Do you have a defined unique selling proposition? Not yet? You need to compare your offerings with those of your competitors and consider what your clients want. How can you fill the gap in a unique and hard-to-replicate manner? How can you layer more services on your current offering to provide more value? As soon as you decide to sell, draft a plan to prioritize which elements you’re going to work on first. Discuss your thoughts with your advisory team (lawyer, accountant, financial advisor) to start the ball rolling. Making your business more salable isn’t an overnight activity; it can be complex and take a few years. So give yourself plenty of time to do it properly. Wendy Brookhouse is the president of Black Star Wealth Partners and creator of The Cash Flow Freedom Plan and Business Value Builder. Follow her @wendybrookhouse or connect with her by visiting blackstarwealth.com.

Originally published in Vol. 21 No. 07 of Progress Magazine. Reprinted with permission.


September 11, 2015 Grandview Golf & Country Club 431 Crane Hill Road, Dartmouth, NS

For more information contact us:

paul.rukidi@bbi.ns.ca 902-478-6476

t r o p p u S ! h p t l u e H ur Yo O 38 ...


New BBI Staff 

Thank you for your participation! BBI hosted seven community meetings in North Preston, Cherry Brook, Yarmouth, Amherst, Truro, Kentville and Sydney. These meetings gave BBI an opportunity to hear the needs and wants of the Black business community and key stakeholders. Many of our business development partners also participated, further evidence of our commitment to collaboration and coordination of services for the benefit of local businesses. We will continue to engage as we strive to be more relevant, effective and efficient in our efforts to bring enhanced value to Black-owned business starts and growth.

 Congratulations

to president Elizabeth Cromwell and the board of directors of the Black Loyalist Historical Society on the grand opening of the Black Loyalist Heritage Centre, Birchtown, Nova Scotia, held on Saturday June 6, 2015. The new Centre represents the vision, commitment and effort of many and serves to inform and educate about an important chapter in African-Canadian history.

 Congratulations to Jonathan Duru of Aberdeen Bus Charter & Tours. Jonathan recently received Utility & Review Board (URB) approval to operate a 21 passenger mini bus to transport visitors to local African Nova Scotian cultural and heritage locations. This is great news for Jonathan and for African Nova Scotian cultural tourism attractions in the region. More visitors mean more business! 39 ...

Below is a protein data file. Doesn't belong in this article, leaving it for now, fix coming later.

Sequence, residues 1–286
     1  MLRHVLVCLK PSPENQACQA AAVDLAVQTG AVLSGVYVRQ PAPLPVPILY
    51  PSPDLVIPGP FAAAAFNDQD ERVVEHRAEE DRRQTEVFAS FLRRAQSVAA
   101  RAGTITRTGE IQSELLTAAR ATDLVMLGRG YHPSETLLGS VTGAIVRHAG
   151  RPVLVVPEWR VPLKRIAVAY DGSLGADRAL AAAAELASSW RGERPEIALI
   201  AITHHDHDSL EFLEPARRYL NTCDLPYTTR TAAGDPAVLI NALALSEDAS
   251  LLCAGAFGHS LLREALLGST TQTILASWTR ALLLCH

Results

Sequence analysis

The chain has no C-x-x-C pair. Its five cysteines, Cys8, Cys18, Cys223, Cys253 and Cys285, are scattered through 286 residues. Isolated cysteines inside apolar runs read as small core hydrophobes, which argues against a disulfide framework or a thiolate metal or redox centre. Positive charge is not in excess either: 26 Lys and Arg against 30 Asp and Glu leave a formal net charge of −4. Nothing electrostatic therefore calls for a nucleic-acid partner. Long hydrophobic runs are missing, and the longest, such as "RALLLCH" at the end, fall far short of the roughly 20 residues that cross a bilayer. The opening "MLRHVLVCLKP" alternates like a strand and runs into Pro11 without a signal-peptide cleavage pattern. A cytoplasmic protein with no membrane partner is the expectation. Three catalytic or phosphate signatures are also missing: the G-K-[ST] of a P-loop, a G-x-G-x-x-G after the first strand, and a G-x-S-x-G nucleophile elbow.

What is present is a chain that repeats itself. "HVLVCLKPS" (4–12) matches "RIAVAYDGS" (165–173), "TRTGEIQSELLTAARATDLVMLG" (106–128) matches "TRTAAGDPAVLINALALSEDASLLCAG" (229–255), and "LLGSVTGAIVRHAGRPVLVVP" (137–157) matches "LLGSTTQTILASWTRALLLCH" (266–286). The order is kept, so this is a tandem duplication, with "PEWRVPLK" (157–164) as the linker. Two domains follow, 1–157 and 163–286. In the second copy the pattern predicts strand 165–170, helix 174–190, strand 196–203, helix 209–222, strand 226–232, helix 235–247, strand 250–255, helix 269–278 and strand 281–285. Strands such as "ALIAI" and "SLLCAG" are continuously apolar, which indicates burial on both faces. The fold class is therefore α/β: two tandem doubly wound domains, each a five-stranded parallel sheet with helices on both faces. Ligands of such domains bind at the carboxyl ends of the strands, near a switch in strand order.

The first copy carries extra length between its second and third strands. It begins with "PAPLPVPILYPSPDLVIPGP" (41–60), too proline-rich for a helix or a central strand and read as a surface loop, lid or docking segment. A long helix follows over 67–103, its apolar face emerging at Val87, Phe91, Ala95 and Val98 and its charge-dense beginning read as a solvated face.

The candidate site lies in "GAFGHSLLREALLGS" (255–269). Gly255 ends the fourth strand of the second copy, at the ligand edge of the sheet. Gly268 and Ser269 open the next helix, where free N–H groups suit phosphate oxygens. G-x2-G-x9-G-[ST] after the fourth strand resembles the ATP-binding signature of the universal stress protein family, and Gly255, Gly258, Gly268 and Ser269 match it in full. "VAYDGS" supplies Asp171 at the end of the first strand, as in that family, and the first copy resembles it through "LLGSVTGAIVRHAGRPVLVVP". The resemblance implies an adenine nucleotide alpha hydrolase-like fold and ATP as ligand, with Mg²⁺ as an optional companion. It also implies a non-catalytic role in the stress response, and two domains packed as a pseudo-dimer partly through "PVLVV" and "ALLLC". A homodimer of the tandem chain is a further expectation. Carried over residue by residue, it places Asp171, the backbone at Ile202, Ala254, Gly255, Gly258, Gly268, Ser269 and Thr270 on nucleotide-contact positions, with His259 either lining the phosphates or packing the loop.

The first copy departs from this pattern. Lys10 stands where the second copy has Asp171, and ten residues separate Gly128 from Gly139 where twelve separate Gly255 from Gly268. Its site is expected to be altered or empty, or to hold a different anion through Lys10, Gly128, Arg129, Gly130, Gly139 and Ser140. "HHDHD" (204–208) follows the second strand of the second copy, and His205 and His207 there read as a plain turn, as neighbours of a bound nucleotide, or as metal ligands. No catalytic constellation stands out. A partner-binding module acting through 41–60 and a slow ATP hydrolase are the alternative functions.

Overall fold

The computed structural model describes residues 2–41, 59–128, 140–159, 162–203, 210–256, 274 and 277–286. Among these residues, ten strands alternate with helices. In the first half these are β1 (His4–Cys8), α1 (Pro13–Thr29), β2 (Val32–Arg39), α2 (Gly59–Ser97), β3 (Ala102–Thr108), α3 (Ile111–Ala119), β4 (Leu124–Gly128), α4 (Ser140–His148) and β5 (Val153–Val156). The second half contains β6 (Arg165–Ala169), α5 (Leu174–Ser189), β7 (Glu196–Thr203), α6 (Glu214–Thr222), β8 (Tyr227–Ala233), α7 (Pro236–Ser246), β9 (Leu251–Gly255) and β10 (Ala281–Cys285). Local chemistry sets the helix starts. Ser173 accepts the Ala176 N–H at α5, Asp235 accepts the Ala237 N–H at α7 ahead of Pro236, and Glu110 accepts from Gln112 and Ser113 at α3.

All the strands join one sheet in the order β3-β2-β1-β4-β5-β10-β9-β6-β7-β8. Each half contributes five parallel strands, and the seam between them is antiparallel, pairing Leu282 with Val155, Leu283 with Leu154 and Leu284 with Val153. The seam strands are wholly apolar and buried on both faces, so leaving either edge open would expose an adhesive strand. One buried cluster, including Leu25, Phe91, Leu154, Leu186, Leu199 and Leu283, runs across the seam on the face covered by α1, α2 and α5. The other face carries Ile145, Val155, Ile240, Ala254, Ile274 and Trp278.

Congratulations

to Samantha Parris (BIJ Board Member) for graduating from Dalhousie Law School and for receiving the Judge Sparks Award in recognition of her exemplary dedication to using her law degree as a tool for social and community change. Dalhousie University Law School will donate $800 to Business is Jammin’ in Samantha’s name. The BIJ Board and staff extend a sincere thank you to Samantha for her ongoing service and to the Schulich School of Law at Dalhousie University for your generous donation! We will continue to work hard to empower youth though entrepreneurship and celebrate the accomplishments of more individuals like Samantha!

Congratulations to the graduates of BBI’s first ever Metal Trades Industry Readiness Pilot Project. Four participants went on to successfully complete a Metal Trades Industry Readiness Pilot Project at NSCC. We are proud to report that Justin Vaillancourt and Romain Brooks were hired by Advanced Precision and Jason Howe and Kevin Hooks are gainfully employed with Cherubini Group. With great effort comes great rewards! You all have an incredibly positive future ahead!

Paul Enoch Rukidi

Business Is Jammin (BIJ) Manager, Fund Development. BBI is pleased to welcome Paul Rukidi as the new Manager, Fund Development for BIJ.

Originally from Uganda, Paul is a young professional who recently graduated from Saint Mary’s University (SMU) with a Bachelor of Commerce degree. Paul grew up in Kampala but has called Halifax home for the past six years. With a strong passion for innovation, he joined the SMU Information Technology Systems and Support Department, in his 2nd year as Telecommunications Audio/ Video support assistant. He then went on to volunteer as Vice President for the International Students Society and Performance Director of the Saint Mary’s African Students Society. In his last year of studies, Paul says he wanted to find a way to give back and help other students. He took on the role of Vice President University Affairs with the Students Association, SMUSA. He then served as a student representative on the SMU Board of Governors, representing and advocating on behalf of students to the University and all levels of government. “I can’t wait to work with young entrepreneurs-in-the-making to help them develop entrepreneurial knowledge and skills, while collaborating with our corporate partners to support and inspire our youth to pursue entrepreneurship.” Welcome Paul!


When is the right time to sell your business?

by: Craig Maloney,

MBA, CA, CBV Partner, WBLI Chartered Accountants

Buyers greatly outnumber Sellers Currently there are many more potential buyers than sellers for profitable SME businesses. Potential buyers include: